Seniors have more post-operative memory problems, study shows

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Individuals over 60 are more than twice as likely to develop memory problems after non-cardiovascular surgery than their younger counterparts, according to new study results. In addition, elderly post-op patients whose memory problems persisted longer than three months were more likely to die within the 12-month period after surgery.

Doctors "have known that patients undergoing heart surgery are at risk for cognitive dysfunction ... but the effects of non-cardiac surgeries on brain function are not as well-understood," said Dr. Terri Monk, a Duke University Medical Center anesthesiologist who authored the report.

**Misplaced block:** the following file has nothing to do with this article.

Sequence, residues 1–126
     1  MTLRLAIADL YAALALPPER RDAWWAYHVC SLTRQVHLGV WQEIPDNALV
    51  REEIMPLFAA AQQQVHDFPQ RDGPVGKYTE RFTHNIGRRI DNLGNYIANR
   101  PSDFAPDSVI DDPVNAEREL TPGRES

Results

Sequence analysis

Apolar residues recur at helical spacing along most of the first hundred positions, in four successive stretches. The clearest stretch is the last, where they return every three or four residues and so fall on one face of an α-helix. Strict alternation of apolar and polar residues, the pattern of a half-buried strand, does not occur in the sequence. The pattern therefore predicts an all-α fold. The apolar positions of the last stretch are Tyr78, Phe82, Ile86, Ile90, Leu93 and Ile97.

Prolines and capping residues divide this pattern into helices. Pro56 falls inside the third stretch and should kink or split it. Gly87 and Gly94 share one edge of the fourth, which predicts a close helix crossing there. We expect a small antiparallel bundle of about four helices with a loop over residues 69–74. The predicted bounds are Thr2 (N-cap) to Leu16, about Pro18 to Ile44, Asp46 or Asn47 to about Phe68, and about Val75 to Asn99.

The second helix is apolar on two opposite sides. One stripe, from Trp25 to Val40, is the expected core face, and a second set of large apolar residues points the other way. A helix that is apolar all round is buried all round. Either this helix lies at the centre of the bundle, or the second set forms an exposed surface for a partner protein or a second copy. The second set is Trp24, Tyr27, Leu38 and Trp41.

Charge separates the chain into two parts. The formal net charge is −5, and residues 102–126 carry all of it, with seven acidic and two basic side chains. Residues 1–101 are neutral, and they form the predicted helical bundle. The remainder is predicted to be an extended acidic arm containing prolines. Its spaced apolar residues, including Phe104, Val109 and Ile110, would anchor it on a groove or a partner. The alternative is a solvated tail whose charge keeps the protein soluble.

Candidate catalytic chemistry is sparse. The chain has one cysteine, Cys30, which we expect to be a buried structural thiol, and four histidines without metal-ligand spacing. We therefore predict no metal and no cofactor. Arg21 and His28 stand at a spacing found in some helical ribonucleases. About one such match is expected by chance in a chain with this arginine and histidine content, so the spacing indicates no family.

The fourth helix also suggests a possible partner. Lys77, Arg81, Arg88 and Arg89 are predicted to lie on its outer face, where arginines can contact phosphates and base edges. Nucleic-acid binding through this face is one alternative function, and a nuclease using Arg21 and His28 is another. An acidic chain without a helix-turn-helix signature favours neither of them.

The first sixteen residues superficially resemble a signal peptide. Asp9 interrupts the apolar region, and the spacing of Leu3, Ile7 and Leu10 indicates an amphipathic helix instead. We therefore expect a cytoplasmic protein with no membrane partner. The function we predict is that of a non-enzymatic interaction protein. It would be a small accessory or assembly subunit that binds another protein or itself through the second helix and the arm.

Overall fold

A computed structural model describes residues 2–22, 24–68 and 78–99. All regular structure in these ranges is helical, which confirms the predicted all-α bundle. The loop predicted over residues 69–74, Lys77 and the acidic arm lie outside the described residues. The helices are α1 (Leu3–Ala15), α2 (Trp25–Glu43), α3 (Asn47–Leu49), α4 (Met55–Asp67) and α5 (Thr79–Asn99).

Surgery and anesthesia could cause swelling of the brain that affects memory and cognitive process, Monk explained. If seniors are shown to be predisposed to cognitive problems after surgery, doctors could devise better strategies to prevent after-effects of surgery and anesthesia on the brain, she noted. Nearly 1,100 patients were given tests to determine levels of cognitive function before, immediately after and three months after surgery. About 1 in 8 (12.7%) in the 60-plus group had some form of memory defect, compared with only 5.6% in the younger groups.
Roughly 30% top 40% of all adult patients undergoing major non-cardiac surgery experience some form of memory or processing problem at the time of discharge, but most people recover within three months, experts say.
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